Thursday, 11 April 2013

Some thoughts to help those interested in teaching with Minecraft.

What is Minecraft?
A digital, collaborative, three dimensional sandpit where students can explore ideas, test concepts and experiment with their designs. Watch the two videos below for more about what minecraft is. 

So why teach using Minecraft?

Many of our current teaching and learning tools were developed a long time ago and belong in an age past.  Look at the infographic below and ask the question, "which tools are we still using, and when where they developed?" Using Minecraft is part of a strategy that seeks to keep teaching and learning tools current. Test: which major piece of technology is this infographic missing?
Answer: this infographic is missing... the photocopier, did you notice?

Does Minecraft allow opportunity for teachers to draw upon the Quality Teaching Framework?

Minecraft is simply an environment, a digital, virtual Lego set. Many of the elements above very easily fit into this style of student learning. However the teacher remains the architect and creator of learning experiences and the degree to which quality teaching is evident in the student's learning is still determined by the teacher, not the tool. 

What I learnt from Teaching with Minecraft.

In term 1 of 2013 I was employed to be the ICT consultant at Canley Vale High School in a western suburb of Sydney, Australia. The school was having some mixed success with integrating technology into the curriculum despite significant federal and state funding. As part of my position I was given the opportunity to do an experimental project with year 7 and 8 maths students – the “low ability” classes. I had a total of about 3 hours (over 6 periods) to work with students through an introductory topic on what Minecraft is and a unit of work on Probability. I had not previously worked with these classes or their regular class teachers. This is what I learnt.

  • 1.       Teacher tools from MinecraftEDU are invaluable. They form an important part of classroom management practices.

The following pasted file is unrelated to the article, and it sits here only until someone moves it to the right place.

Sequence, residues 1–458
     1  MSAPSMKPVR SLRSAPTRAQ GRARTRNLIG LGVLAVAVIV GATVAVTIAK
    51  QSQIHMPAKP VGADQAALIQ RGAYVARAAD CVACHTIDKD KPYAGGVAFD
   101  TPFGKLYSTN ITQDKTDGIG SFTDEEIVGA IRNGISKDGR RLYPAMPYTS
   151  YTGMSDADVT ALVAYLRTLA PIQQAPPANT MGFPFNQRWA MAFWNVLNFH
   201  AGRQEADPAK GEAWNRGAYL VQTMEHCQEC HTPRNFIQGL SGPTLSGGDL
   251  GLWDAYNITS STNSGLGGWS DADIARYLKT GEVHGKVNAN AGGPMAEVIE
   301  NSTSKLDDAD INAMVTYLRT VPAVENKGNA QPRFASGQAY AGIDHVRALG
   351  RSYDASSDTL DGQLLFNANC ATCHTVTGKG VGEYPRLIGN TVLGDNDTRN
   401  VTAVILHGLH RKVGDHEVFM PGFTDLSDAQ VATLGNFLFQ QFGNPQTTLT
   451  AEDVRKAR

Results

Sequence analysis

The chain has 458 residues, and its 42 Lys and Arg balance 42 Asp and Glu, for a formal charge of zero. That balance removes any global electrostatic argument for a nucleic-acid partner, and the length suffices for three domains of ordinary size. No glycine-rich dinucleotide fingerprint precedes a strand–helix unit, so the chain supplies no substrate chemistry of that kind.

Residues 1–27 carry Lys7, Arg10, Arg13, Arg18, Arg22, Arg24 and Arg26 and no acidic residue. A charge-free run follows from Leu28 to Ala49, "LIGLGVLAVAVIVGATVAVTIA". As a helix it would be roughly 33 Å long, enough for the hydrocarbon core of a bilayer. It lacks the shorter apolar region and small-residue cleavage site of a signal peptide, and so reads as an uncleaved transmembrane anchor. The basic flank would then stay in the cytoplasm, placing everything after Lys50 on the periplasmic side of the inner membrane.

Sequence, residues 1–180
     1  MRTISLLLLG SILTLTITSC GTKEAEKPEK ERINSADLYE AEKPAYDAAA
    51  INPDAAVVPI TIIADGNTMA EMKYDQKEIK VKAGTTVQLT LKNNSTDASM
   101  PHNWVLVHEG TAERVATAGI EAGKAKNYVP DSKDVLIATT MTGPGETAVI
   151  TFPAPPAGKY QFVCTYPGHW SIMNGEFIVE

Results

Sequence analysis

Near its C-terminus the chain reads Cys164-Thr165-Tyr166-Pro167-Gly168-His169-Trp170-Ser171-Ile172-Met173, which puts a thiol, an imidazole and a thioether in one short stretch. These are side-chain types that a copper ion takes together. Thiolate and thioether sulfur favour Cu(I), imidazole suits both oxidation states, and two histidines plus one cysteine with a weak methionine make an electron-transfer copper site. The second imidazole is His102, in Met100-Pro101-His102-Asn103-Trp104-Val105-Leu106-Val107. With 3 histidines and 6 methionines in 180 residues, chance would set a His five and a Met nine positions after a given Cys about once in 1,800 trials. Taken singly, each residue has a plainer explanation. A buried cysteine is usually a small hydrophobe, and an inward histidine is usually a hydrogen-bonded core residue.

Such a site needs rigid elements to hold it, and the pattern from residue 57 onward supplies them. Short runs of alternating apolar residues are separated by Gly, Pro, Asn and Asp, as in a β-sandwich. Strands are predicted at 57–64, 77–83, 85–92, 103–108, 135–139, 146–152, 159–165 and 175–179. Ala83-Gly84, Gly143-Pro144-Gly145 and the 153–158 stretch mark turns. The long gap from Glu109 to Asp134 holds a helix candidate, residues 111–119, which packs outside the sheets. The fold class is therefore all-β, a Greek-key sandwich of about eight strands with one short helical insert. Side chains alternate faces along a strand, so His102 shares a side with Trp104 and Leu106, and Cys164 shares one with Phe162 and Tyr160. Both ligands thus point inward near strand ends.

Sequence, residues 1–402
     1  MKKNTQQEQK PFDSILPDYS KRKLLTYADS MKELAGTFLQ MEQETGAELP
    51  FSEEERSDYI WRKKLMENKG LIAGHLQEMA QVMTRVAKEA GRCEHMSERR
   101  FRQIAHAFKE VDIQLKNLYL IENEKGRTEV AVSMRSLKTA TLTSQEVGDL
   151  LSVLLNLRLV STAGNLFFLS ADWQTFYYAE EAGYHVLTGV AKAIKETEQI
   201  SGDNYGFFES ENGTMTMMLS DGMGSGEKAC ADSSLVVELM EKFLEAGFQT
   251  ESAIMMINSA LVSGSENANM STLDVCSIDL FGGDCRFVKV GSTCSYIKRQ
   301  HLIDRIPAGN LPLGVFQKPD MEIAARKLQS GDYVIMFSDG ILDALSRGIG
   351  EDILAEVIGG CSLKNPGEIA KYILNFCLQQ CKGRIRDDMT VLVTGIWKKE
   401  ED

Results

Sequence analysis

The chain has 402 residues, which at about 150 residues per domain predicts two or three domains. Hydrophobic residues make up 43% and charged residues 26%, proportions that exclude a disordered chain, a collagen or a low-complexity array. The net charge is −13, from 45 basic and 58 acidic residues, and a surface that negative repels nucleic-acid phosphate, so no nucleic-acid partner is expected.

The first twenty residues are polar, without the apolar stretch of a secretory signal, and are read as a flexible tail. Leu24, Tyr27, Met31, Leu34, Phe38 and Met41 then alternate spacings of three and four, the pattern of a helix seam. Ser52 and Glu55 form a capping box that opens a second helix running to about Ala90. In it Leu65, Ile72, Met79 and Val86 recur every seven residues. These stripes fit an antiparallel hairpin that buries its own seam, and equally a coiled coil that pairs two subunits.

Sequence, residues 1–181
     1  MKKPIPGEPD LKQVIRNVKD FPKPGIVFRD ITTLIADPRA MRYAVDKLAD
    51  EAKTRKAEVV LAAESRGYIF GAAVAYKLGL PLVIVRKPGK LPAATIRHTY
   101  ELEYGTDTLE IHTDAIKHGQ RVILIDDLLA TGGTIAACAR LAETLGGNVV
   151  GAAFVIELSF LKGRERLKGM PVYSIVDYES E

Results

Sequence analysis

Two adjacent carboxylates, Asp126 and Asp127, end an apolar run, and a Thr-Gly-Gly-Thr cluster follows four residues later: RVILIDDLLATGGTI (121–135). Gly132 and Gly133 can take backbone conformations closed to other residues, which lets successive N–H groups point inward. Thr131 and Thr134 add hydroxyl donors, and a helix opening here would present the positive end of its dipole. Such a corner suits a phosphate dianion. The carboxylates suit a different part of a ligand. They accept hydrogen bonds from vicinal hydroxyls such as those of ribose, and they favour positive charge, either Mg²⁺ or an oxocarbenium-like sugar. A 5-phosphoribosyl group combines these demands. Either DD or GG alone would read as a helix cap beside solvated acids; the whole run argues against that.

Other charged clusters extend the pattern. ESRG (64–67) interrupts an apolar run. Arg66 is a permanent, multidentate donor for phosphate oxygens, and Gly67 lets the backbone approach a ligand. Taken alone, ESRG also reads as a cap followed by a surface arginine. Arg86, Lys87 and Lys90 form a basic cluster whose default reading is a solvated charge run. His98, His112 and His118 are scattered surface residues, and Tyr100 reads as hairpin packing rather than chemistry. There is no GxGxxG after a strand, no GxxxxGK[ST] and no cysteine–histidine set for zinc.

• 2.       Students love to collaborate. When asked about their collaboration experience 100% of the class voted it as their preferred mode of operation.
  • 3.       Students will often extend tasks, adding their own creativity to personalise their end result.
  • 4.       Minecraft caters for a diverse range of students, allowing them to excel, regardless of personal strengths or weaknesses.
  • 5.       I can have high expectations from students and be surprised by the outcomes because Minecraft is student centered and open-ended.
  • 6.       Students who come to a lesson using Minecraft as their tool, came with anticipation and excitement, this seemed to translate into participation in group discussion, before we moved to the computers, a dramatic contrast to their usual participation levels.
  • 7.       Creating resources, activities and maps for the students is fun and gives me the opportunity to explore my own creative ideas.
  • 8.       Students are very motivated to complete tasks when rewarded with items in Minecraft (who wouldn't want a diamond breastplate!) Students, who were typically off task, were able to demonstrate their understanding of the topic.
Setting Expectations
I had the students read, discuss and sign a promise card to support some classroom management strategies. The teaching style in these lessons would change very drastically from teacher-centered to student centered so class-norms needed to be revisited.

Experimental Teaching
Teaching content, using a particular tool or methodology you are unfamiliar with is fraught with potential problems and no matter how much pre-planning you do, expect that something is going to go wrong! But is that a bad thing? Some of the most valuable learning experiences come from mistakes we make, these situations cause us to reflect. Reflection and self-evaluation is one of the most valuable tools a teacher can use and will often lead to further development of quality teaching.

Student Response To Learning with Minecraft.

These responses were unscripted and unrehearsed.

My Probability Map

This is a quick tour of the activity I made for my year 7 & 8 maths students.  There are 2 activities with space for a 3rd. The first one  student need to read a number of signs to find which "colour" sign does not use the language of probability. Secondly Students had to find the experimental probability of 5 dispensers. You can  download the map to try it out. Probability Activity

2013 DER laptops support MinecraftEDU

Without any modification to the device I have been able to use the software supplied by MinecraftEDU to run games on student devices connected to servers run on school desktops. The laptops handle the graphics quite will and connect without any problems to the server on the school network. Students do not use their own mojang accounts as we only play within the school network. As the server is run on a school desktops it may be possible  for schools to collaborate across campuses. 

Bit.Ly Bundle

I use bit ly to curate Minecraft resources. Here is my bundle